Meanwhile, Marietta Daily Journal columnist Laura Armstrong addresses the issue in her  piece on “‘Islamizing’ America’s public school curriculum.” Here is an excerpt, but you can read her full piece here.

The controversy began last week, when the MDJ broke the story of a Campbell Middle School parent going public, questioning …

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A teacher grading system that seems to work for everyone

New Haven's teacher grading system is winning kudos. (AJC file)

New Haven's teacher grading system is winning kudos. (AJC file)

If Georgia is looking for models for effective teacher evaluations,  New Haven, Ct.,  may be the place to turn.

According to the New Haven Independent, the school district adopted a new teacher evaluation system last year that made it easier to fire tenured teachers who aren’t performing well.

The evaluation tool won the endorsement of the teachers’ union because it placed the greatest emphasis on helping low-performing teachers get better rather than on getting rid of them. The Independent reports:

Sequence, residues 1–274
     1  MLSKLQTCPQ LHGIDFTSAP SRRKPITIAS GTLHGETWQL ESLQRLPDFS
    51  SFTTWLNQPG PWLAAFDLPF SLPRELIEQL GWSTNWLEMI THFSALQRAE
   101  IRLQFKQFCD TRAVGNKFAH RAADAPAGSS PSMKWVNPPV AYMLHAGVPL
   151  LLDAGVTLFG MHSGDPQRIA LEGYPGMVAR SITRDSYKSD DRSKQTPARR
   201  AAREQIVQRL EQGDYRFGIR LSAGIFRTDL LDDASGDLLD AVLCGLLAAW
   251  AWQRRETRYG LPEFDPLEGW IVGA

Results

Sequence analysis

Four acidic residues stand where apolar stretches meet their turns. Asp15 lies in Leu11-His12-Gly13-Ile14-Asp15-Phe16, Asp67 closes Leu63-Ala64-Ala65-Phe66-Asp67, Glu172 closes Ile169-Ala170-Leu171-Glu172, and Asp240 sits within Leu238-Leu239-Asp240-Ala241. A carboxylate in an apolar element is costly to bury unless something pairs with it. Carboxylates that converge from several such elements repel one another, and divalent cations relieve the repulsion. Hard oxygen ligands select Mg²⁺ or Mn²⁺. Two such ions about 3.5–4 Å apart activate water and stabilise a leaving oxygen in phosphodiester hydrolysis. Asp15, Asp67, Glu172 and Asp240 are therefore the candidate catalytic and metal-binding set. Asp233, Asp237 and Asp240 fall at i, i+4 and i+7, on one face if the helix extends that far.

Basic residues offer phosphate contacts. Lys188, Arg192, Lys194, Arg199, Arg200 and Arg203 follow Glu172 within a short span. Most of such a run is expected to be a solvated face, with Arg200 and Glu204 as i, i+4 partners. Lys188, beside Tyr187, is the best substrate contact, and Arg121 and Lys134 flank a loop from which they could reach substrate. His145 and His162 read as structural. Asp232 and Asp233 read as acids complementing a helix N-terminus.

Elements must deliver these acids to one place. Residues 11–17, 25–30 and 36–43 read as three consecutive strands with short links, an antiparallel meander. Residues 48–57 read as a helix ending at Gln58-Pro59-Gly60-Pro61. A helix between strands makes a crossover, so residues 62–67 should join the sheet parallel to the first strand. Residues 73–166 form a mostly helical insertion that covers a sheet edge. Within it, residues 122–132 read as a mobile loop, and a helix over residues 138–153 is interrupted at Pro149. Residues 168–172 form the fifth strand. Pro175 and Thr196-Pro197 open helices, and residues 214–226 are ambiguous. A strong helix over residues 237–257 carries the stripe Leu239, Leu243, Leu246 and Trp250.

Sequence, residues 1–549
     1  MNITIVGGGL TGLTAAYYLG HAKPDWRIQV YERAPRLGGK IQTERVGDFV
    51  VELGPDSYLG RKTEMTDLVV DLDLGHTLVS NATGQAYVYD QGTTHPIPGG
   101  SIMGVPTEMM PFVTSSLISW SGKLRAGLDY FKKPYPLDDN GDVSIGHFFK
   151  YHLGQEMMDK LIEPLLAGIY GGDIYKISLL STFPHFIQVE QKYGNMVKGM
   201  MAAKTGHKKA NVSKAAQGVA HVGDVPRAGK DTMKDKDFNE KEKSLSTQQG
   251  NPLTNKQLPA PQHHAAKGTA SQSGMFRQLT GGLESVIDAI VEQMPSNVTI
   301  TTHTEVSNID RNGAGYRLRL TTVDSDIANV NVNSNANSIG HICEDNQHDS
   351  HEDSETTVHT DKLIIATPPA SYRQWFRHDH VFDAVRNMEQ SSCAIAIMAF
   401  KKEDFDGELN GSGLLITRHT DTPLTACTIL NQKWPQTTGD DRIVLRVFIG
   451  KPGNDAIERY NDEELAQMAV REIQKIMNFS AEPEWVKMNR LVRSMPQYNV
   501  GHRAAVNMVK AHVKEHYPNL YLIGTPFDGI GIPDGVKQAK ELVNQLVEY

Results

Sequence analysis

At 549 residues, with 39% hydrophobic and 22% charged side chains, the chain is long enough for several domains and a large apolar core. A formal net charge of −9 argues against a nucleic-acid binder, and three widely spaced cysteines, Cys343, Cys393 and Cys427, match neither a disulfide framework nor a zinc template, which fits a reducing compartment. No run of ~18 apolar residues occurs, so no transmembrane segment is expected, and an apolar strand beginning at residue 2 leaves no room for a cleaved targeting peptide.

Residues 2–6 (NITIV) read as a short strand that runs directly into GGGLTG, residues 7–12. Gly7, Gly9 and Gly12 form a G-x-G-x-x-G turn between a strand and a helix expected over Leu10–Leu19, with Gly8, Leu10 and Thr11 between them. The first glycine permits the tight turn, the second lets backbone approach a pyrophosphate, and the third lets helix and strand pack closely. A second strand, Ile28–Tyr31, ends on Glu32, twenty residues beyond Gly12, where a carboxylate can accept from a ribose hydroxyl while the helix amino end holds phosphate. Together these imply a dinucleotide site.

As the threat of teacher firings loomed this fall, teachers union president Dave Cicarella waited to see if the grading system would be carried out fairly and whether it would affect tenured as well as non-tenured teachers. On Monday Cicarella  announced the process had gone “smoothly” on both counts. “Teachers are much happier because everyone knows what’s expected of them,” Cicarella said.

The …

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Polygamy and school dress codes? This assignment confuses me, too.

Is discussion of burqas and polgamy appropriate for a middle school assignment on dress codes? (AP Images)

Is discussion of burqas and polygamy appropriate for a middle school assignment on dress codes? (AP Images)

Several of you sent me e-mails asking that we discuss the father in Cobb who complained that a middle school assignment promoted the Muslim faith and polygamy without balance or context. The story was reported by WSB-TV/Channel 2’s Tom Regan.